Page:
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New York
St. Louis
Kansas City
San Francisco

Full report

Prepared at the Federal Reserve Bank of New York and based on information collected before November 24, 1997. This document summarizes comments received from businesses and other contacts outside the Federal Reserve and is not a commentary on the views of Federal Reserve officials.

On balance, Federal Reserve Districts report a continued moderate pace of economic growth since the last report. Non-auto retail sales improved in most regions. While a number of Districts report that sales were still a bit below plan, retailers are generally optimistic about the sales outlook. Inventories are deemed to be in good shape. Automobile sales continued to be sluggish, with inventories on the high side. Manufacturers report continued high levels of activity, with some constrained by capacity limitations; contacts in the West and South report continued shipping problems due to rail bottlenecks. Asian financial turmoil and currency weakness have adversely affected demand for manufactured and agricultural exports, and some Districts report increased competition from imports. Residential real estate markets are mixed, but commercial real estate markets continue to tighten in most areas.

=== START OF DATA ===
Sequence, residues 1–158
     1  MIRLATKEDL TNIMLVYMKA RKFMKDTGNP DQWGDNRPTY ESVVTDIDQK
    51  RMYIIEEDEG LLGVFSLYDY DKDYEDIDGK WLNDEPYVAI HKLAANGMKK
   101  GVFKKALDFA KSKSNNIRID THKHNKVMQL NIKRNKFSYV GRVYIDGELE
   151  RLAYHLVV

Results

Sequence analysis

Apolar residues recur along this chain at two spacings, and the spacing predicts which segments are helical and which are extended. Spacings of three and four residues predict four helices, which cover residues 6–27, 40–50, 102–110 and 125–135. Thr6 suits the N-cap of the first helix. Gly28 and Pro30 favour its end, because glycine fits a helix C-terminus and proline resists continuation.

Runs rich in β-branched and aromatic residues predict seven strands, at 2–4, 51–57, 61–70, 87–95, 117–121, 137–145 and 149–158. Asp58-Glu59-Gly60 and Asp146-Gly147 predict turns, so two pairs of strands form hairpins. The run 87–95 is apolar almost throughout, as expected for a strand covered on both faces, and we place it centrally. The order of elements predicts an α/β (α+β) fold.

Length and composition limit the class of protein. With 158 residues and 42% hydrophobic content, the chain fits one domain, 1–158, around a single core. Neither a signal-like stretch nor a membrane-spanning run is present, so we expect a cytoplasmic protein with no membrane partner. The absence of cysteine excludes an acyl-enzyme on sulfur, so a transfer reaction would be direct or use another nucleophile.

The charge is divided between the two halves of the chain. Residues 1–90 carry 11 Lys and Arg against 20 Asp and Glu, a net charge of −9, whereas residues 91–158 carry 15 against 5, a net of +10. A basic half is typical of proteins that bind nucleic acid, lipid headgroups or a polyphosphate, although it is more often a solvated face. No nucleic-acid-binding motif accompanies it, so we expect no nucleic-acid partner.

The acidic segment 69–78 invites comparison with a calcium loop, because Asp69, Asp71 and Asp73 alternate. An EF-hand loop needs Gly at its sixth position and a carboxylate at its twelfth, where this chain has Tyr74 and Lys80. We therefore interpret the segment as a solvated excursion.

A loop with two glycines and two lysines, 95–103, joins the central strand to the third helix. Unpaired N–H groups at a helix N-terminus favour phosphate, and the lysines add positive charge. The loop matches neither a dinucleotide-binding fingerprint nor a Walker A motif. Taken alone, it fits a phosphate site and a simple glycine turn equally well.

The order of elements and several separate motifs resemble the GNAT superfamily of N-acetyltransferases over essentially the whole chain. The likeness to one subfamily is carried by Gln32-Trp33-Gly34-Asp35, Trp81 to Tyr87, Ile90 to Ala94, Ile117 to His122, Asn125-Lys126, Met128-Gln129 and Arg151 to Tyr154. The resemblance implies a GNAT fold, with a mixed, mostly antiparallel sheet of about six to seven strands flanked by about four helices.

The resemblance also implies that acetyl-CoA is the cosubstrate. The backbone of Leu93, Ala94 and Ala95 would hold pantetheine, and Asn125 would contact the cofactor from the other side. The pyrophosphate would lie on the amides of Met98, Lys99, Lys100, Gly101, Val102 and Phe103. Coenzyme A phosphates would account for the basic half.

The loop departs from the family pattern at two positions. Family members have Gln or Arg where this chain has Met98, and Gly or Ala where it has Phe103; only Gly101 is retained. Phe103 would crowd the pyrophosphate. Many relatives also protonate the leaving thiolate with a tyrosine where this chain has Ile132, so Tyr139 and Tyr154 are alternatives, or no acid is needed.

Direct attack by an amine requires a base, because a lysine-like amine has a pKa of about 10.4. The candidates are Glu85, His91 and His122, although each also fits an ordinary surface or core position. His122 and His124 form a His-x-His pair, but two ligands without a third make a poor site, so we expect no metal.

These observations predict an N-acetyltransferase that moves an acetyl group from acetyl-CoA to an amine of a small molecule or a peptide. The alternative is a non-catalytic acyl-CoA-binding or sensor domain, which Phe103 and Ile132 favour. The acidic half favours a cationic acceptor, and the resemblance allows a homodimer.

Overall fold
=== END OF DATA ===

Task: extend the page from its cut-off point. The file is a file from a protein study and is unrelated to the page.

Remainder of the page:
Virtually all regions are experiencing tight labor markets, with some reporting increased wage pressures in specific industries and occupations with labor shortages. Retailers are having a particularly difficult time in hiring and retaining seasonal workers. More generally, businesses are using a variety of nonwage incentives to attract and retain workers. Business respondents report that price pressures remain neutral, on balance, as steady to declining commodity prices, productivity gains, and increasing overseas competition appear to be offsetting any effects of wage gains.

Consumer Spending
Most Districts report that retail sales have improved since the last report, buoyed by the late arrival of winter weather in the eastern half of the country. Boston, Minneapolis, Kansas City, Dallas, and San Francisco report steady improvement, while New York, Philadelphia, Cleveland, Richmond, Atlanta, and Chicago note a weather-related rebound from the sluggish performance indicated in the last report. Inventories are reported to be in good shape in all parts of the country, with retailers in most regions expressing optimism about the sales outlook for the holiday season. However, New York reports that consumers are budgeting less than last year for holiday spending, and Boston notes that some retailers are concerned about possible fallout from the Asian financial market turmoil.

Automobile sales generally remain soft, with a corresponding rise in inventories. Overall, sales of light motor vehicles were sluggish in Philadelphia, Cleveland, Chicago, St. Louis, and Kansas City, though the latter three Districts report strong demand for sport utility vehicles.